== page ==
Here’s How Your Home Value Will Be Destroyed

Ottawa’s new zoning changes will radically change the built form of our cities.

The maximum number of units that can be placed on a N3 lot 50×100 feet is four with some exceptions. That is most lots in the older residential parts of town.

Kitchissippi Councillor Jeff Leiper has put a very easy-to-use housing-unit calculator on his website which you can use by clicking here.

You can discover your zoning by clicking for a map on the City of Ottawa website. The best bet is to insert your address to get the zoning.

If you are a developer, you buy up a 50×100-foot lot in a neighbourhood such as Wellington Village and you can put up a four-unit low-rise condo or apartment. You can sell four homes for the cost of one.

Small developers and individuals will jump at the chance to do that. One Bulldog reader says there are loopholes that can increase that unit number on a lot.


Many century-old homes will be flattened and the beautiful nature of Ottawa’s old neighbourhoods will be destroyed. Not only that but homes that people saved a lifetime for will have their values cut by hundreds of thousands of dollars with stumpies built next door.

Oh yes, it’s not just old neighbourhoods. It’s the whole city.

All this in the cause of extremification. Bad enough Ottawa City Hall has destroyed transit in the city, purchased  $1 billion of electric buses which (particularly given the news of capacity problems at Hydro Ottawa) look as though they will be charged by natural-gas generators, put another $500 million into the failed Lansdowne redevelopment in a terrible retail market, and is part of a massively over-budget and unnecessary new central library that’s really not downtown … we could go on … now the city, the developers best friend with their campaign funding and tax revenue tied to them, want to take on your neighbourhood and all the other neighbourhoods in the city.

If you want something screwed up, give it to the city. Now it wants, not just light rail or huge misguided developments, but the whole city and given the municipality’s record of incompetence and ethical bankruptcy, it will massively botch things up.

You could protest this and many will try, but the fix is in just like at Lansdowne and the Tewin lands. You’ll pay for it through your home value being crushed. Developer money runs city hall and has turned the inhabitants on Laurier Avenue into puppets.

If anyone thinks this re-zoning is about saving the environment, they are as naive as people who believe the Tewin lands are about indigenous reconciliation. It’s about money, with campaign-funding-compromised councillors and an incompetent, money-challenged, ethically bankrupt bureaucracy.

Don’t believe this evaluation?

Why can’t Ottawa City Hall fill its numerous vacant senior positions … particularly in planning.

Good people don’t want to come to a municipality that has failed and could destroy their careers. Think the provincial LRT inquiry.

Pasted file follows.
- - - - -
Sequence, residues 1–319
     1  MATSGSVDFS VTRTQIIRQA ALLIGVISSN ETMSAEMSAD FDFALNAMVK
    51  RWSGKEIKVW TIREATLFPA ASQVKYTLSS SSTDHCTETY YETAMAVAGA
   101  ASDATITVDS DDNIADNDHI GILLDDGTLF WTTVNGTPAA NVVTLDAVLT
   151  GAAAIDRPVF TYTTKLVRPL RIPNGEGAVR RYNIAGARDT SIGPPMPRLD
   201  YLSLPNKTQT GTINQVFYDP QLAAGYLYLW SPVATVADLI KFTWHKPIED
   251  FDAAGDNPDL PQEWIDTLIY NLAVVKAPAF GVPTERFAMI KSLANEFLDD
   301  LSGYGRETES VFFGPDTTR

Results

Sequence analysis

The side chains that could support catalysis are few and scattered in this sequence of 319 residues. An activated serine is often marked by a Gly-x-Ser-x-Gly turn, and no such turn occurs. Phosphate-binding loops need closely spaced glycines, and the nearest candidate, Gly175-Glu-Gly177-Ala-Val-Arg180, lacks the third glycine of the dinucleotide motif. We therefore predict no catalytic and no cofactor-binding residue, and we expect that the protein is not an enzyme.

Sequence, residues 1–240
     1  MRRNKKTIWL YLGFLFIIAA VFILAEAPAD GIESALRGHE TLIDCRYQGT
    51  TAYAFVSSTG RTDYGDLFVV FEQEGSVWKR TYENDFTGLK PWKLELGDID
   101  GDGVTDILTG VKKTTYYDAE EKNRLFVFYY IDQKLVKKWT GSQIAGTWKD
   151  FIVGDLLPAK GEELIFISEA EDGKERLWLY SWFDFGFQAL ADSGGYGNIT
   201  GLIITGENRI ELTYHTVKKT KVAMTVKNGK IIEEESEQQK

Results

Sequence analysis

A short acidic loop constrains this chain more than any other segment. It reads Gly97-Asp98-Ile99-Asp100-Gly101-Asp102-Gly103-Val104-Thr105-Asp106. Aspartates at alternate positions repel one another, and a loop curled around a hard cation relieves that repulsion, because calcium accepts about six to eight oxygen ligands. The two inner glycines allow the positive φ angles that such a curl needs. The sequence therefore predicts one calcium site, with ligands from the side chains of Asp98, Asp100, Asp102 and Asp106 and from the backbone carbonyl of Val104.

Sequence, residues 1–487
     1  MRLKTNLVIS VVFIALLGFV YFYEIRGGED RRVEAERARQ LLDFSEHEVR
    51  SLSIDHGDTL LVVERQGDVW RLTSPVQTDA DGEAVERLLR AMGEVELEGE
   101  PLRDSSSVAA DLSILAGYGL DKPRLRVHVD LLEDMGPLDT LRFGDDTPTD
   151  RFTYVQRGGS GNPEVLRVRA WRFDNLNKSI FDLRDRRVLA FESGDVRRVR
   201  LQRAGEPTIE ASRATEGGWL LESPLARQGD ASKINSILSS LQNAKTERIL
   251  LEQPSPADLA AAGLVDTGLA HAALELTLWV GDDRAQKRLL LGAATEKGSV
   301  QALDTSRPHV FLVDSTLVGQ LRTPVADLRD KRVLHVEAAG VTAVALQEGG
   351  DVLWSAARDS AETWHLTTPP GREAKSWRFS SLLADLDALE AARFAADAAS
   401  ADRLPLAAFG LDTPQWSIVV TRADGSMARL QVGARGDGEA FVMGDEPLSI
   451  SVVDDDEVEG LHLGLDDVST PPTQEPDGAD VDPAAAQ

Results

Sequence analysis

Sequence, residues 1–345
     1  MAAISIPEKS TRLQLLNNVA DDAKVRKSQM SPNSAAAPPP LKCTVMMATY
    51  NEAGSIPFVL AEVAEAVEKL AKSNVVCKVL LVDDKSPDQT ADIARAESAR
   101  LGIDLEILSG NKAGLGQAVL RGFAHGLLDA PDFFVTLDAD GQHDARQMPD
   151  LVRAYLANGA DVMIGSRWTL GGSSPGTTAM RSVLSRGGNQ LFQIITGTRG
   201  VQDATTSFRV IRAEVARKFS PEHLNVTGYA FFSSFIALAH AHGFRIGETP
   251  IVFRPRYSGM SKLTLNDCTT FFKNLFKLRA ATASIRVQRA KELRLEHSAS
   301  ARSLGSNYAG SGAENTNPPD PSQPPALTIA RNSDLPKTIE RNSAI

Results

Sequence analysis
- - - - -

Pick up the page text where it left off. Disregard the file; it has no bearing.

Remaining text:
They’re scared and well they should be.

Good people don’t want to come to Ottawa City Hall.

Ken Gray

Multi-family Development | 4 Newly Constructed Homes with Flawless Craftsmanship in Hollywood!

Might be a nice place to live, unless your single family home isn’t next door.

 

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4 Responses

  1. sisco farraro says:

    Mortgage-free retirees looking forward to moving away from the city can count on the fact that housing prices in the rest of the country will continue to rise and should expect to take on a new mortgage in their golden years should they relocate, OR alternatively remain “trapped” in Ottawa. What a world, what a world.

  2. Ken Gray says:

    Sisco:

    Thank you for this.

    Yes, it is a shame for people who have worked all their lives to have their privacy, investment and peace destroyed by that.

    Many people are counting on that money for their retirement. But the ideologically inclined don’t see practical picture, just their ideology and campaign donations.

    It’s very sad.

    cheers

    kgray

  3. John Langstone says:

    I just went back to look at the map for Wellington Village (which I hope I understand the boundaries of). The lowest density zoning I could find north of Byron is N3, with a bit of N2 south of Byron. The maximum number of units on a 50′ by 100′ lot in N3 is 12, and in N2 it is 8 on Jeff Leiper’s calculator. So between 8 and 12 units are allowed. Twelve units on a 50′ by 100′ lot won’t look a lot like what we call a house in that area these days. Pretty extreme stuff. If residents of Wellington Village want to live in the kind of neighbourhood they live in today, time to look at another city I’m thinking.

  4. Liz says:

    This is not locked in stone.
    It is a DRAFT.

    The 5 planners leading this are seeing how far they can take intensification because they fear the change will not be fast enough. Put up a few rooming houses in R1 neighbourhoods and soon enough people will leave and costs will go down.

    You have GOT TO COMPLAIN ON ENGAGE OTTAWA and to you city councilor.

    We all agreed to intensification because we don’t want to lose arable land. We did not agree to the destruction of neighbourhoods and the devaluing of taxpayers major assets.

    Community Groups have gone through the painstaking research of finding approved site plans, There are enough units approved under the old Official Plan rules to meet the provinces 10 year targets.

    Second, the City has shown no innovation for instance building apartments on top of ice rinks and community centers to pay for the centres’ operations through the rents and to increase affordable housing. And to tax developers who are not building on their vacant land.

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